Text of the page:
As a business owner or hiring manager, it is prudent to conduct Criminal History Checks on existing employees or new recruits, to ensure your business is safe from potential risks. By hiring any individual with a criminal history that undermines their credibility to perform their role, you could be jeopardising the safety of your workplace, clients, and business reputation. However, it is crucial to make sure that job applications from people with criminal records are handled in a fair, mature, and unprejudiced manner, so as to avoid any future lawsuits or investigations from government agencies. In this article, we have provided you with a list of best-practice procedures to consider when processing such applications so your company can protect itself without being perceived as discriminatory.
Advertise the requirement for a police check before accepting applications
If you want candidates to undergo police checks prior to getting hired, you should inform them about this requirement even before they submit their applications. By stating it on job advertisements, application forms, and during the interview, you can make sure that candidates are aware of how an assessment of their criminal record could affect the success of their application. This way, you can manage expectations of hopeful candidates and also prepare those with criminal records for the additional scrutiny that will be applied to their applications.
Build a hiring matrix
Many hirers build what is called a “hiring matrix” to help cope with applications from people with criminal records. These matrixes are part of the screening process and define – ahead of the application being received – the types of Criminal records that would disqualify a candidate from a specific position. It is also worthy to consider the types of criminal records your business would be willing to accept on a person’s record.
While assessing an individual’s criminal history, use the matrix as a resource and guideline; this will not only make the screening process expedient for you, but it will also make your decision appear more considered, objective and professional. If the offence that the individual committed is not listed on your list of unacceptable court outcomes, then you can now more rapidly and decisively begin considering other merits of the application. Yet, it is still highly advisable to apply a nuanced case-by-case assessment of a candidate’s criminal record, and to give the person a chance to address their criminal history – even if their offences are listed on your matrix. In essence, allow the hiring matrix to guide you through the screening process but try not to apply it blindly and indiscriminately.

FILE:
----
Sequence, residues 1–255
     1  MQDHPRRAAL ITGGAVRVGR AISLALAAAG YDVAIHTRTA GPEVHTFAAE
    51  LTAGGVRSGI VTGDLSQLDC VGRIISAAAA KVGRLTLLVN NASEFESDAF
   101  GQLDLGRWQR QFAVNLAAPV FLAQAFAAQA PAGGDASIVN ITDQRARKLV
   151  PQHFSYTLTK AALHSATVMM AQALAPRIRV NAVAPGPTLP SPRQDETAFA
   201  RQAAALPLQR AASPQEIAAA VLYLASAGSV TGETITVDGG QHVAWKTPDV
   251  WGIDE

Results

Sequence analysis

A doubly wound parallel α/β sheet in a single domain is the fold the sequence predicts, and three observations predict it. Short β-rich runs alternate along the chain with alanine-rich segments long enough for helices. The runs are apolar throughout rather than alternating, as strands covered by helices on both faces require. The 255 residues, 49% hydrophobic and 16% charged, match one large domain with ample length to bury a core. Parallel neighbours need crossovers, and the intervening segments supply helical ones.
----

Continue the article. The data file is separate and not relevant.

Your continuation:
Consider the nature of the role against the candidate’s criminal record
To make sure that your business is not guilty of workplace discrimination based on people’s criminal records, you should consider carefully whether the candidate’s criminal record is relevant to the core functions of the role they are applying for. For instance, if you hire a convicted sex offender for a role that involves working with children or working with vulnerable people, you could be jeopardising your clients’ trust in your organisation’s safety standards. In that case, it would be justified to prevent that candidate from taking on the role, even if they are qualified otherwise. However, if you reject a qualified candidate’s application to work as a baker, for example, because of them receiving a conviction for driving under the influence from six years ago, then that decision may be perceived as unfair and discriminatory.